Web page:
Senate looks out for its own
Carter Glass was the dean of the U.S. Senate and chairman of its Appropriations Committee when he became incapacitated with heart trouble in the 1940s. The octogenarian was absent from the Capitol for four full years, unable to answer a roll call on the Senate floor, cut off from all visitors by his wife.
Local newspapers began to clamor for his resignation, but the Virginia Democrat refused. His Senate colleagues allowed Glass to keep his seat, and even his powerful chairmanship.
That was more than half a century ago, but it illustrates an enduring tradition in one of the world’s most exclusive political clubs: Never has the Senate forced a member out of office because of a physical or mental inability to serve.
That hands-off protocol could be a boon to Democrats as they ponder the possibility that Sen. Tim Johnson (D-S.D.) could be incapacitated for months or more after emergency surgery to treat bleeding in his brain. If Johnson dies or leaves office before the new Congress convenes next month, it will erase the Democrats’ 51-49 majority and probably return control of the Senate to the Republican Party.
But if he survives and if history is any guide, the only force that will drive Johnson from office before his term expires in 2008 will be a decision by the senator or his family. The Senate -- not governors or voters -- has the constitutional power to force a member out, but has been loath to use it.
“No one in the Senate wants to have that kind of responsibility for judging whether another member is capable or not,” said Don Ritchie, associate Senate historian.
“The Senate is a family, as well as a club. There’s a real sense of sticking together.”
There have been a couple examples of House seats being declared vacant because of inability to serve, but they involved cases where lawmakers were elected while incapacitated and were unable to take their seats. Gladys Noon Spellman, a longtime House member from Maryland, had a heart attack and went into a coma shortly before election day in 1980, but her name remained on the ballot and she was reelected. Because she was still in a coma when the new Congress convened, she could not be sworn in, and her family eventually asked that her seat be declared vacant.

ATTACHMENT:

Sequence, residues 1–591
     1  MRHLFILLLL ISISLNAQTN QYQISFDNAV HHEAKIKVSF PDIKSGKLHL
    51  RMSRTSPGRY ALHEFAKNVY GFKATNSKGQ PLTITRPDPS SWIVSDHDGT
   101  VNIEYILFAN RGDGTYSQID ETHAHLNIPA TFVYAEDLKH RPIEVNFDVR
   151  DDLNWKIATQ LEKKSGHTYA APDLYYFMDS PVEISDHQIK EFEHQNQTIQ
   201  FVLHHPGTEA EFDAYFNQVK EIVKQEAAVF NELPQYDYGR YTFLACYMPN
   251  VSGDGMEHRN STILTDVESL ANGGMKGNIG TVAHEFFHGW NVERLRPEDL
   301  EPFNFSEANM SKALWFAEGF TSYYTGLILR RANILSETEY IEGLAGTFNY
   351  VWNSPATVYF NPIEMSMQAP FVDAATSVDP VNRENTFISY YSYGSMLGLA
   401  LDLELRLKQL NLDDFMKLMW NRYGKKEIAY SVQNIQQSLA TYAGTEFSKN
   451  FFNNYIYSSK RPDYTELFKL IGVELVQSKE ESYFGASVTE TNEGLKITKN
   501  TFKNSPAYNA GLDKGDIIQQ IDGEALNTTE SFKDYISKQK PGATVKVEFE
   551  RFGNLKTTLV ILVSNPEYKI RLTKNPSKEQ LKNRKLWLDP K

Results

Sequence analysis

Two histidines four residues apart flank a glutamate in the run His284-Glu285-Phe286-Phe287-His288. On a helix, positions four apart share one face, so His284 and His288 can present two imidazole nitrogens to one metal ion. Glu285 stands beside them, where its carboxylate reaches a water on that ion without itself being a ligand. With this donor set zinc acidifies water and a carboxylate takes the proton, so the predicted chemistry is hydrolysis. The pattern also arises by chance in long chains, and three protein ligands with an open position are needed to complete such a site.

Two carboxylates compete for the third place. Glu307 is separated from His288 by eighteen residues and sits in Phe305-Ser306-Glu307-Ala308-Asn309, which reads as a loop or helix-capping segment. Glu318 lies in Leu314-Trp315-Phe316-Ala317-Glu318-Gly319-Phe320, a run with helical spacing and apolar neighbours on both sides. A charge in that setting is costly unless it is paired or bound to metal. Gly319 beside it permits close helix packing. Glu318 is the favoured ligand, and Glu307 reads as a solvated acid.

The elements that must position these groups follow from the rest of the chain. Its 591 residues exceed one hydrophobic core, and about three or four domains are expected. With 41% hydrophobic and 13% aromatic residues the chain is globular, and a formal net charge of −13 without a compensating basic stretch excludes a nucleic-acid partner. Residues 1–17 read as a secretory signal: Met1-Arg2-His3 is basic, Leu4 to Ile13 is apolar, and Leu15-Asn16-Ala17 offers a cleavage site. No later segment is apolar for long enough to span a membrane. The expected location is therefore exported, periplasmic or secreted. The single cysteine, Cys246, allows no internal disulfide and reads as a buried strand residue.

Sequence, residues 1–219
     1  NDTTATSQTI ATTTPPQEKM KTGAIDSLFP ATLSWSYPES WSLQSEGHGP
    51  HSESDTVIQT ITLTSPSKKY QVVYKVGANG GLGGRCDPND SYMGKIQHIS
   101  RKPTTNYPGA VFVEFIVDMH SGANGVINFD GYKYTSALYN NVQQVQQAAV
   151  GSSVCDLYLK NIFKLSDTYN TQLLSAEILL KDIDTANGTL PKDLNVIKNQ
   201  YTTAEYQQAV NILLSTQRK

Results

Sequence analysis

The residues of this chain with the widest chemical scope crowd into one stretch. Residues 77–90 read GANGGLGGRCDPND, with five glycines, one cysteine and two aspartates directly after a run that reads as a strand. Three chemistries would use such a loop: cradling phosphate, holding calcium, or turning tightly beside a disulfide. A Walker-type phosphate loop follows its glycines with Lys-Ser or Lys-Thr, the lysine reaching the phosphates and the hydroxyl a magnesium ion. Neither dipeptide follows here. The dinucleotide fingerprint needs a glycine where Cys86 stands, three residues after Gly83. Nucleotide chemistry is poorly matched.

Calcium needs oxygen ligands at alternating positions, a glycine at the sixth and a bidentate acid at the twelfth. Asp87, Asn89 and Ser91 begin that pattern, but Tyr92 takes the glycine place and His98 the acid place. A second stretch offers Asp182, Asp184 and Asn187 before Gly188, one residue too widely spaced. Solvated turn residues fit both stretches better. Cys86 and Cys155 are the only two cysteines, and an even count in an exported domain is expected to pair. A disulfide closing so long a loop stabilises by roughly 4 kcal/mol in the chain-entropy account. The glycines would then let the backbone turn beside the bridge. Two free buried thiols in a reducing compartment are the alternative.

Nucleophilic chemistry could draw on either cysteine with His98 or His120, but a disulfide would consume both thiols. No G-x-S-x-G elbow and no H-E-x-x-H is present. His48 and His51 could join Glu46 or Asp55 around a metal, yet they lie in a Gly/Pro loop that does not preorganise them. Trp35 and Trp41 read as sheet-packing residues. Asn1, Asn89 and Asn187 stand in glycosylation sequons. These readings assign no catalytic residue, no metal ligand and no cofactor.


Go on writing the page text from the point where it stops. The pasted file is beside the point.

Infirm politicians are able to linger in the halls of Congress in part because they are surrounded by armies of aides who can obscure a distressing reality, both to the public and the politician.
Former Sen. Strom Thurmond (R-S.C.), who turned 100 while still in office, was so frail at the end of his career that he could hardly walk onto the Senate floor without gripping the arms of staff members.
“They made sure he showed up to vote, and that’s what counted,” Ritchie said.
But history is replete with examples of infirm lawmakers who could not even show up to vote, talk or maintain consciousness -- and yet were allowed to keep their seats.
In the mid-19th century, Sen. Charles Sumner (R-Mass.) was absent from the Senate for more than three years after being beaten with a cane on the Senate floor by Rep. Preston Brooks (D-S.C.) in a dispute over slavery. Despite Sumner’s incapacity, the Massachusetts Legislature reelected the slavery opponent.
In 1964, a California Democrat voted in the Senate though he could not speak. Clair Engle, partially paralyzed by repeated operations for brain cancer, was carried onto the Senate floor to cast a key vote on the Civil Rights Act. Voiceless, he pointed to his eye to signify an “aye” vote.
A previous occupant of Johnson’s South Dakota Senate seat, Karl Mundt, had a debilitating stroke in 1969 and was in a coma for some time. He refused to resign, even under pressure from fellow Republicans who feared the GOP would lose the governorship in 1970, and remained formally in his seat until his term expired in 1973.
Sen. Joseph R. Biden Jr. (D-Del.) was away from the Senate for seven months in 1988 for brain surgery.
While recovering at Walter Reed Army Medical Center in Washington, he shared a suite for three months with another incapacitated senator, John Stennis (D-Miss.), who continued as chairman of the Senate Appropriations Committee even after his bout with cancer, to which he lost a leg.
When Stennis’ predecessor as Appropriations chairman, Glass, refused to quit, Virginia newspapers were near unanimous in calling for his retirement. The News Leader in Staunton led the call with a mid-1945 editorial: “It is plainly the duty of Mrs. Carter Glass to make it clear to her husband that his age and physical condition disbar him from further duty in the Senate and to prevail on him to tender his resignation.”
But Glass hung on, even though he was away from the Senate from June 1942 until his death in May 1946.
It probably helped that he remained nominally in charge of the committee that holds Congress’ purse strings.
“He was a powerful, influential senator, and no one wanted to remove him,” Ritchie said.